Thursday, March 10, 2011

Why Nintendo is in no hurry for Wii2

Nintendo has three functions in the video game business of which most journalists and analysts seem to focus on just one. Today I'd like to look at the health of the Wii platform in reference to those three areas.

Hardware manufacture

Most Nintendo observers focus on it's hardware business. While Nintendo hardware has blown away the competition in recent years, so far this year the Wii platform seems to be falling behind.
Worldwide Hardware 2011 (YTD)
Console Yearly    Total
------- ------    -----
PS3     1,817,179  48,163,035
DS      1,743,582 145,707,365
X360    1,677,025  52,065,666
Wii     1,676,899  85,336,683
PSP     1,046,947  66,433,522
PS2       474,050 142,132,409
3DS       374,164     374,164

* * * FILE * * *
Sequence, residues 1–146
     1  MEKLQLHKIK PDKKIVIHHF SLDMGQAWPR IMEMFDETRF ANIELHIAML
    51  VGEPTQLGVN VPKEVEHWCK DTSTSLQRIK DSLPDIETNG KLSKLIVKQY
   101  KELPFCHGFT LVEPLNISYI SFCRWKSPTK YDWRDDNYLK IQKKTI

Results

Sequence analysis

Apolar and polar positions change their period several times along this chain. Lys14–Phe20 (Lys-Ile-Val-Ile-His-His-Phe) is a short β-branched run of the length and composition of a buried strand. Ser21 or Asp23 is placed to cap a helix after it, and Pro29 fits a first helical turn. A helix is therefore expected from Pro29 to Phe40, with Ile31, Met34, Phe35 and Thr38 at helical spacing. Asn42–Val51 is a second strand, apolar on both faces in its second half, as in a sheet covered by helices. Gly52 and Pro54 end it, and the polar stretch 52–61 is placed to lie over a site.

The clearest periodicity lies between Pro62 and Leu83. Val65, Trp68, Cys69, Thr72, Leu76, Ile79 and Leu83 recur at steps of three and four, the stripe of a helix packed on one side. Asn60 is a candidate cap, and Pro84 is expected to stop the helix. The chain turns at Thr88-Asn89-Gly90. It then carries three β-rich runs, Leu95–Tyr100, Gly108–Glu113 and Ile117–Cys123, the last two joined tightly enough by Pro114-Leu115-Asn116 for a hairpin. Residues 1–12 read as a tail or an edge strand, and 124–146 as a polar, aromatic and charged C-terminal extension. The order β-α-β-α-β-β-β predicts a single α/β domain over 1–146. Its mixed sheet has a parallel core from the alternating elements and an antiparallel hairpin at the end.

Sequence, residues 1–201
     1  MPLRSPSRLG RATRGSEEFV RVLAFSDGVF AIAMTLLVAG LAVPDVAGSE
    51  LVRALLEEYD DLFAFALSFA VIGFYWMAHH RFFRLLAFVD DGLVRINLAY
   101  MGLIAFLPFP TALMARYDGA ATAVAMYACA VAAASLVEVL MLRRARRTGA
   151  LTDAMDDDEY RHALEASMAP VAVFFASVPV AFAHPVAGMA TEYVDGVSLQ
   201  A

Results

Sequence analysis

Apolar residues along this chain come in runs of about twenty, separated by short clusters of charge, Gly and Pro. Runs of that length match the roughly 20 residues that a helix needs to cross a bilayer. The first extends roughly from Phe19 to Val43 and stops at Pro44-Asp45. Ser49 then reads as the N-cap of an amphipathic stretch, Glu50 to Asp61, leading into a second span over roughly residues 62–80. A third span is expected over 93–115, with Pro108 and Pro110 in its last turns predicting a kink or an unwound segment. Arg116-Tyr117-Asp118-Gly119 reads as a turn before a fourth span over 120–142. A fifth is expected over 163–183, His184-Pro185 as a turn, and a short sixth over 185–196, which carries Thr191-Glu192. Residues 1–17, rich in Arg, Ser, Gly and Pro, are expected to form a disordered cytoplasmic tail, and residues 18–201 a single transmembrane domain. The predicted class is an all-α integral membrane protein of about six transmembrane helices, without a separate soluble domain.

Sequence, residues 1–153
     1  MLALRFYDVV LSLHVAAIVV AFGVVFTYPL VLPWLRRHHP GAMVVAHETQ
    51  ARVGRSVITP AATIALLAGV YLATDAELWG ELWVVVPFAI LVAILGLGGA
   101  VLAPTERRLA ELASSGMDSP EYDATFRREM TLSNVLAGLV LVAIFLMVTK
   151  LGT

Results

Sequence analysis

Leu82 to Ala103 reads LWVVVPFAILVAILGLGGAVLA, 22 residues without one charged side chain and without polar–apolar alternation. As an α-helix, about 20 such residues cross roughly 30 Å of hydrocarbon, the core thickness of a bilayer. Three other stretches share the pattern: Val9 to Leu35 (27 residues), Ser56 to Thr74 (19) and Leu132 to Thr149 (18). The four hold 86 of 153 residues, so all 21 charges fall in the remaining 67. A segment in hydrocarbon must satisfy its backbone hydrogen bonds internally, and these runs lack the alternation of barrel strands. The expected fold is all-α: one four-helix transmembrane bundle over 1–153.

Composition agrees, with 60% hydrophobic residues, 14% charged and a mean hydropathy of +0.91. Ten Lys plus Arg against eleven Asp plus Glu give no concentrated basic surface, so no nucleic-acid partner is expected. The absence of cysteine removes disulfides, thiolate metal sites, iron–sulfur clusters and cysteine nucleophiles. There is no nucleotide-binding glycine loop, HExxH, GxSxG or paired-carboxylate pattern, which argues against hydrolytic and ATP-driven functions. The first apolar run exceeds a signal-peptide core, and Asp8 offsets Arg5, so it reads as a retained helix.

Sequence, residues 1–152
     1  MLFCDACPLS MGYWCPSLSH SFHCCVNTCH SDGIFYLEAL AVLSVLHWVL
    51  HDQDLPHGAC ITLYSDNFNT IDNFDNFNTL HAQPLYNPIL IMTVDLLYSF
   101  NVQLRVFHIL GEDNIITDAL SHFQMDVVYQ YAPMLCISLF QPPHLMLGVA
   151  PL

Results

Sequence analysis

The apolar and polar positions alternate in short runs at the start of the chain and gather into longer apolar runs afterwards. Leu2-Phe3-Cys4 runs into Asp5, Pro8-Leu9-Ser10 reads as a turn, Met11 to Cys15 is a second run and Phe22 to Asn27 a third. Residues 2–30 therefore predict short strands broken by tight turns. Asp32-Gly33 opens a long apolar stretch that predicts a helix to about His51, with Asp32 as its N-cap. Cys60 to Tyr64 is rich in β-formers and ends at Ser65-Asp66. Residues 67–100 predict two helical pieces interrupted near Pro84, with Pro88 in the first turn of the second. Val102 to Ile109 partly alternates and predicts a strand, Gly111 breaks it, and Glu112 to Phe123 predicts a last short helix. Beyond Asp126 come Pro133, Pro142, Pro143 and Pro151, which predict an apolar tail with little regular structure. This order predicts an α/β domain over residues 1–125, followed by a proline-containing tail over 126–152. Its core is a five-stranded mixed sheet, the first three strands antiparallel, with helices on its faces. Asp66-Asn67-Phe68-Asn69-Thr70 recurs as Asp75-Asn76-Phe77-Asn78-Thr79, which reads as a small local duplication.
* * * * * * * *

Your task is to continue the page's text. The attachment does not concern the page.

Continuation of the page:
Total   8,809,846  
(All charts taken from VGChartz.)

Considering that the DS, in its various forms, has been the best selling game machine since 2006, Nintendo did well to shift to the 3DS, which seems to be off to a fast start. Meanwhile, the Wii maintains a large lead in total consoles sold among current systems, but is clearly losing momentum at an alarming rate. Since this is the number most people focus on, Nintendo seems to be in trouble. By 2010 the handwriting was on the wall for both of Nintendo's platforms:

Worldwide Hardware 2010
Console Yearly     (change) Total
------- ------     -------- -----
DS      21,445,632 (-25%)  143,963,783
Wii     18,345,329 (-15%)   83,659,784
PS3     14,443,529 (+11%)   46,345,856
X360    13,606,638 (+34%)   50,388,641
PSP      9,298,210 (-11%)   65,386,575
PS2      4,591,780 (-24%)  141,942,000
Total   81,731,118 (-9%)  

It's important to know that historically Sony and Microsoft lose money on each console sold and Nintendo makes a moderate profit. This late in the console cycle, it's likely that all three consoles are making money, but Nintendo has always profited from Wii sales. In addition, the Wii's already large install base makes selling new consoles harder.